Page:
A proposal at the state capitol (AB 212) would designate an official state tartan.
It's a plaid pattern woven into Scottish garments. At a committee hearing, David Berger of the St. Andrews Society of Milwaukee says when he's wearing it, people will know he's from Wisconsin.
"A tartan in a sense is really a signature. It's like signing your name in a sense in that it gives opportunity for recognition of an area or a region or a clan name, a clan designation."
Robert McWilliam, also of St. Andrews, says he travels a lot and likes to give a gift as a token of Wisconsin, but cheese doesn't always cut it.
"Sometimes if the cheese had been in the back seat or the trunk of the truck or the car on a July day it just wasn't be presentable. Also when the cheese was gone, the idea of Wisconsin was gone."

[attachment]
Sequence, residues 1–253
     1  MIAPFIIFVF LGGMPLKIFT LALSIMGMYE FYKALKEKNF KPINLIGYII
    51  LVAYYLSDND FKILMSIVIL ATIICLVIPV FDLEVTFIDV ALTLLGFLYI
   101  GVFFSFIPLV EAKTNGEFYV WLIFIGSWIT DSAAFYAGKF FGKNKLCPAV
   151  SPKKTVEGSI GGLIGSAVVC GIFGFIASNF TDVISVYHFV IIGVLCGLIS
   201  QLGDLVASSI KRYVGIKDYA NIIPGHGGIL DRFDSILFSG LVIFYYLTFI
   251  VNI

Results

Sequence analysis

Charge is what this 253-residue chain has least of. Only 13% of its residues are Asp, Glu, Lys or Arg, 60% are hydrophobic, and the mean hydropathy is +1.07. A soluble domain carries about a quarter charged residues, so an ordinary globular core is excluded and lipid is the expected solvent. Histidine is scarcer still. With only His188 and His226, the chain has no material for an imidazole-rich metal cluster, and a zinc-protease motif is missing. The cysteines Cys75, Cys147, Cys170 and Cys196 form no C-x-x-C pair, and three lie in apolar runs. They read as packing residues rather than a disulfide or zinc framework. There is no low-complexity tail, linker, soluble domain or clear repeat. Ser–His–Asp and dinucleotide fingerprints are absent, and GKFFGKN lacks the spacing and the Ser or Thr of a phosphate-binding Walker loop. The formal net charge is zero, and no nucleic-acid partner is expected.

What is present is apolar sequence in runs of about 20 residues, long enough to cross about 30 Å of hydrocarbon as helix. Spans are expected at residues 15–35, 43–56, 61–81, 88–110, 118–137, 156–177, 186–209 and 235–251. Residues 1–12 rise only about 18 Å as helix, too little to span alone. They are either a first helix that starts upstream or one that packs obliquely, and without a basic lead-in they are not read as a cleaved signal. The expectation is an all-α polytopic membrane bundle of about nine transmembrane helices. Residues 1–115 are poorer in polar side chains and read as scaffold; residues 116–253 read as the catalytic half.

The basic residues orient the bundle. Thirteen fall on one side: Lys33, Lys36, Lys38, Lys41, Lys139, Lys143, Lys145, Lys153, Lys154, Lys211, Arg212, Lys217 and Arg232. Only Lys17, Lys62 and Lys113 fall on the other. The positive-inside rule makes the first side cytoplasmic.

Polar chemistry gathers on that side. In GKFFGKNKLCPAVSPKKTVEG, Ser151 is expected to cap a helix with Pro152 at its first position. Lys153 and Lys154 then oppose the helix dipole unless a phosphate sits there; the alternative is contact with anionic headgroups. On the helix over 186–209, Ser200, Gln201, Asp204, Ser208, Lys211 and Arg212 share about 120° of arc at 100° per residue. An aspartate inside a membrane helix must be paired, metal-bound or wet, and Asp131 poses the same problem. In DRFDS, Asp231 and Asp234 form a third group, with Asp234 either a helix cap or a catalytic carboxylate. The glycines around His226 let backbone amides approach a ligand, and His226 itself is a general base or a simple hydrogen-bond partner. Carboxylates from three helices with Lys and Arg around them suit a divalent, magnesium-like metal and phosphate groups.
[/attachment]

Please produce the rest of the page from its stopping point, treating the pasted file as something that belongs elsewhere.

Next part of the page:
And McWilliam says it would be wonderful to have something symbolic of the Wisconsin Celtic community and of the industrial and natural resources of our state. The bill's author Representative Tom Lothian ( pronounce ) (R-Williams Bay) says the Wisconsin legislature has already recognized a wide variety of state symbols , including a state song, dance, fruit, mineral, bird, and more. So, why not a tartan? In case you're wondering, Lothian did not give his testimony in a kilt.
"Ah it's too cold!"
Thirty-eight states already have an official tartan designation, including our neighbors in Minnesota, Illinois, Iowa, Michigan and Indiana.
The Committee on State Affairs held the public hearing on Wednesday at the state capitol.
The design is a hunting tartan, incorporating the colors of notable Scottish American family. Colors represent the natural resources and industries of Wisconsin.